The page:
Thor TWEeT #15:  The Alias Dictionary

There have been some improvements in the handling of table aliases since the earlier TWEet on IntellisenseX: Aliases for VFP Tables.

The difficulty in what was described there is that the solutions do not go far enough.  The first example shows that IntellisenseX recognizes aliases create by USE statements:


But this alias is only recognized by IntellisenseX within the same procedure as the USE statement. If this table were opened in the LOAD event of a form, the alias would be available there – and in no other methods.

And the #Alias directive has the same limitation – to be of value, it must be inserted into every single method referencing the table.

The solution offered by the Alias Dictionary is that there is a table (maintained by Thor) that contains global definitions of tables (or objects – but we will get to that later on).

You can add records to this table by executing Thor tool Browse Table/Object Alias List, which does exactly that – it opens a browse window where you can add records (or edit existing records), like this:


Henceforward, whenever you enter “SomeAlias” and invoke IntellisenseX as you always do, by pressing the dot (or hot key), it will open table “PartsListFields”.

Note well: This is truly a global definition for “SomeAlias”. It is not relative to the current form, class, folder, project, or application, or anything else.

For the table name you can enter also enter full path or relative paths.


As noted earlier, you can also add entries to this table that correspond to global objects. To do this, you can enter “=” followed by an executable expression in the Table field.


There are a few points of interest worth noting:

  • NewObject() is used in this example, instead of CreateObject(), because NewObject() accepts a third parameter of zero so that the INIT method does not fire.
  • If CreateObject() would in fact return the correct object, you can supply an empty (‘’) second parameter to NewObject().

There are two alternatives that can be used instead of calling NewObject():

  • You can copy a LOCAL statement and paste it directly into the table.
  • You can enclose the class name and class library name in curly braces, such as {ClassName,ClassLib.VCX}. The class library name is optional if CreateObject() would in fact return the correct object.


Actually, any executable expression (preceded by '”=”) will work, as long as the result is one of these:

  • an object
  • the alias of an open table
  • the alias of a table that Thor can open
  • an object containing an array named ‘aList’. This array may have up to three columns and the contents of the array will populate the drop down list.

Nested Objects in the Alias Field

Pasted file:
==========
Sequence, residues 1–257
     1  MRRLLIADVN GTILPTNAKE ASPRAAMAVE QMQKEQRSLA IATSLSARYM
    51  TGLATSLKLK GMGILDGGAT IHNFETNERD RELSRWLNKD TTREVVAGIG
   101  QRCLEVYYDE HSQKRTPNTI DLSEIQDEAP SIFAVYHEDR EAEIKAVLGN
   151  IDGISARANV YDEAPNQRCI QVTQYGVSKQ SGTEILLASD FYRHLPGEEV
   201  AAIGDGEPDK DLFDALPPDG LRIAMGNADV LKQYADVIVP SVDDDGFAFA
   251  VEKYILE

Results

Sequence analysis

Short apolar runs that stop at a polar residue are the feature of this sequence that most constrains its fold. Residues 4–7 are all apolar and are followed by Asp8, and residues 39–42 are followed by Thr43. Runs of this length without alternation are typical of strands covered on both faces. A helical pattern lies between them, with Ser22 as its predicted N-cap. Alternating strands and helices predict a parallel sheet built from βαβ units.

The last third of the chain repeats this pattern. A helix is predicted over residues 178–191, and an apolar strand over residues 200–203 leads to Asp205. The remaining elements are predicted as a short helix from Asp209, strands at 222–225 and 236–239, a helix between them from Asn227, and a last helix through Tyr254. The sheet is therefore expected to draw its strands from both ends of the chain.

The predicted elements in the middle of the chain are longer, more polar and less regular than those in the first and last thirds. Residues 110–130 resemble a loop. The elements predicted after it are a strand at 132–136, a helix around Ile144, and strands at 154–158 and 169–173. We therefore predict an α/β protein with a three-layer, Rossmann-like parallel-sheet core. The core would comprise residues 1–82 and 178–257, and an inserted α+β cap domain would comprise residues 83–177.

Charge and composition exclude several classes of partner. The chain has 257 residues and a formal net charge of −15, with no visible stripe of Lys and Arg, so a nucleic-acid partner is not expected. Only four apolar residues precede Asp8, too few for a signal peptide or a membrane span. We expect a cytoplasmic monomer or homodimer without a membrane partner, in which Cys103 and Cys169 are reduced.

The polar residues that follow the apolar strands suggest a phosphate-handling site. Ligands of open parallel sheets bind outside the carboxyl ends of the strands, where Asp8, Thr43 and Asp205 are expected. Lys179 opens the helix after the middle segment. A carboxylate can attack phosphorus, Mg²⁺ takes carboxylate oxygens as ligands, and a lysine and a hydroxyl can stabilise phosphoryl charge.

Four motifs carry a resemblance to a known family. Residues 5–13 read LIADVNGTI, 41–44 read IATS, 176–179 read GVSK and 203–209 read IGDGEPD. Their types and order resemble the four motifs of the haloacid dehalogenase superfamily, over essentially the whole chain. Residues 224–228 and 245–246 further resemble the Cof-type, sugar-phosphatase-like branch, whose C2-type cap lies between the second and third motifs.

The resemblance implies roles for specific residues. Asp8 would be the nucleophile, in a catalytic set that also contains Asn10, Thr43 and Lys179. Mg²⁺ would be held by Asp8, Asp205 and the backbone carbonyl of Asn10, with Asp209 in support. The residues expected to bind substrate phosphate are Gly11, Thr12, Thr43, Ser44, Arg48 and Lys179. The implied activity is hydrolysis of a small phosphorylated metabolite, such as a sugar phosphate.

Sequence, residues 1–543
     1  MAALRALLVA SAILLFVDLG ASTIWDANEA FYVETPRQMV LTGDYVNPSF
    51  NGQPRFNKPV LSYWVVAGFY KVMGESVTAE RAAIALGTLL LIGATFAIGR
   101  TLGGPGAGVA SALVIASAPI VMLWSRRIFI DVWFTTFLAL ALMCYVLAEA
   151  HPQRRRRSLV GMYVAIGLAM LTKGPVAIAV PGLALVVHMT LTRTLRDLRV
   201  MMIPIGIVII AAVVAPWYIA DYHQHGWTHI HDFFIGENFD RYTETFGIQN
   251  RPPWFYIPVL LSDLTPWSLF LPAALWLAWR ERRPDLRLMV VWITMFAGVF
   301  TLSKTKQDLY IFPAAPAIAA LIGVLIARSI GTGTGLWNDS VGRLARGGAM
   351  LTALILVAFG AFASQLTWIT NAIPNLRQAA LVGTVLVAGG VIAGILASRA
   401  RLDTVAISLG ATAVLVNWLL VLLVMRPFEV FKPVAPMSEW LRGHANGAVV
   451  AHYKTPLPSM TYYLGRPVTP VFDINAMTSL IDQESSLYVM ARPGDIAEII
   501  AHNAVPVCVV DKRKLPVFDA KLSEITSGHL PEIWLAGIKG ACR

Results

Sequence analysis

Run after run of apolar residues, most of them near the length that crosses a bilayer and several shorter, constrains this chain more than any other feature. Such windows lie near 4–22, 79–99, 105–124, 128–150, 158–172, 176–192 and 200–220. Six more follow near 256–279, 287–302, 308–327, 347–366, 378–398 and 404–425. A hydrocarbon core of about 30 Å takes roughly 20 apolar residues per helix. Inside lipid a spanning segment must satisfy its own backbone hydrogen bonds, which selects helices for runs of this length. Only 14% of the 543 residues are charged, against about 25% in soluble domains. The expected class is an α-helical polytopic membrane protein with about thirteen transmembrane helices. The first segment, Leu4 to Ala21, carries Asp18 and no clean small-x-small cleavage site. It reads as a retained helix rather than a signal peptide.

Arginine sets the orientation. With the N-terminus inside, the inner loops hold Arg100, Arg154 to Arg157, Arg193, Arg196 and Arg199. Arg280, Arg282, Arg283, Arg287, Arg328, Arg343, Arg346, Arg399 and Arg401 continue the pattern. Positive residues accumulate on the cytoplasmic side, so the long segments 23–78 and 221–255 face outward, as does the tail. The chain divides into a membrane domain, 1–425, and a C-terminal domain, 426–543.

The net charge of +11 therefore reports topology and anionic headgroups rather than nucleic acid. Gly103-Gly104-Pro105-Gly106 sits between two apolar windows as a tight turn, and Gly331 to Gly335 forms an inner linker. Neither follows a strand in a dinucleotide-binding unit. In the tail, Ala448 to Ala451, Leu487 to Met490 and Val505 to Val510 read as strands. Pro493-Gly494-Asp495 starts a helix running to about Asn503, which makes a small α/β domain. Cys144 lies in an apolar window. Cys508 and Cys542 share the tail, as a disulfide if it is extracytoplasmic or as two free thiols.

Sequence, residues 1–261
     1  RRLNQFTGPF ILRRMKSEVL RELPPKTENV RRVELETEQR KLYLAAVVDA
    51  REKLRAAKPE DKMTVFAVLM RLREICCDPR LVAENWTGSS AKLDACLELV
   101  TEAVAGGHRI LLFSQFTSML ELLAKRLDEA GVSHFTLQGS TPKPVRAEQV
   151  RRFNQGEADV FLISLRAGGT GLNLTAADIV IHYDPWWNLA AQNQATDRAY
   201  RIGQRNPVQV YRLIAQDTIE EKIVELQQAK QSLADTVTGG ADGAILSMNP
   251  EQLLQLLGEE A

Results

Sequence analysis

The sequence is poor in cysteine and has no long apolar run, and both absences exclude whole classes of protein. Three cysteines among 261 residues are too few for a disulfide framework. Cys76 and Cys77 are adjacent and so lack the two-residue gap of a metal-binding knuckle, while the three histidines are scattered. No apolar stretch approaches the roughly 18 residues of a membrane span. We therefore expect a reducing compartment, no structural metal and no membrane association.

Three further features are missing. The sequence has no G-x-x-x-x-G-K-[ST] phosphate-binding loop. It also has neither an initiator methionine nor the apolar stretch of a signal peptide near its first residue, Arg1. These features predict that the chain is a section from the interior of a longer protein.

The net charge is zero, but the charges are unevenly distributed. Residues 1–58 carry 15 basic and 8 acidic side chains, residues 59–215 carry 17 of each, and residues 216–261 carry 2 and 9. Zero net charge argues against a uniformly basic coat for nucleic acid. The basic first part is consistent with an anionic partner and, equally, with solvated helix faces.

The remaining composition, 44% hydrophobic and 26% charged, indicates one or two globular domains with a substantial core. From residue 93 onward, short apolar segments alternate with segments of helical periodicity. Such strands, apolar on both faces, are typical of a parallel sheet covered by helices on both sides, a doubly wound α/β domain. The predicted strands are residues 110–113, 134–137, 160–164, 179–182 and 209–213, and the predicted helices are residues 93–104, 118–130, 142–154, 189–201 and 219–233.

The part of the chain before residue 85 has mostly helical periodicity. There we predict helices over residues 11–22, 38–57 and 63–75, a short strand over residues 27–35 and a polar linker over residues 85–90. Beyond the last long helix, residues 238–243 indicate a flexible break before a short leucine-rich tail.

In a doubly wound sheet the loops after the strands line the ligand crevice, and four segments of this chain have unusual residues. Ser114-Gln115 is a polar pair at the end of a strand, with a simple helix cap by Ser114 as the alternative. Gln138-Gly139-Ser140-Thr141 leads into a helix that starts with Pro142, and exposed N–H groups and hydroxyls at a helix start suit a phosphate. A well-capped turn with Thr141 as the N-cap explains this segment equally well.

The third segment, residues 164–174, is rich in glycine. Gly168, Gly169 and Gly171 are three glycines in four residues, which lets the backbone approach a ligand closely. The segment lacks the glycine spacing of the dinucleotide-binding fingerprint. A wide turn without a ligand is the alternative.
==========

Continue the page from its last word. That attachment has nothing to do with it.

The alias field may also contain references to nested objects.  Consider, for instance, the sample below, where oData is actually understood to be populated (at run time) by a Scatter from the Jobs table.


This is achieved by the entry shown below.


All of the discussion above describing the various combinations that can be used in the Table field apply equally well when using a nested object in the alias field.  Below we have the the definition of “oApp.oAdmin” so that it will present the list of properties from the Admin object defined in the Table field. (Note that any of the values in the Table field for “dataAdmin”, “dataAdmin2”, or “dataAdmin3” would have worked just as well.)


Wildcards in the Alias Field

You can also use a single “*” as a wildcard in the Alias field.


This allows you to see the PEMs for the this particular object any time that it is referenced, regardless of the parent object that owns it.

Finally, the characters that the wildcard represents can be used in the Table field; simply use <*> (as shown below)


Thus, in this example, “*” replaces the text “PartsList”, so the fields from the PartsList table are displayed.


And similarly for the Customer table ….


If you happen to name your objects consistently, you can pass the extracted text as a parameter to your own UDF, which should return the object as a result. (Note the necessary use of quote marks around <*>.)


The following shows how ‘PartsList’ is passed as a parameter to my UDF “MyLookerUpper”, which returns the object for ‘PartsList’ as a result. As noted before, UDF “MyLookerUpper” should call NewObject() with a third parameter of zero so that its INIT does not execute.


See also History of all Thor TWEeTs and the Thor Forum.

Last edited Feb 22, 2014 at 7:17 PM by jimrnelson, version 20


No comments yet.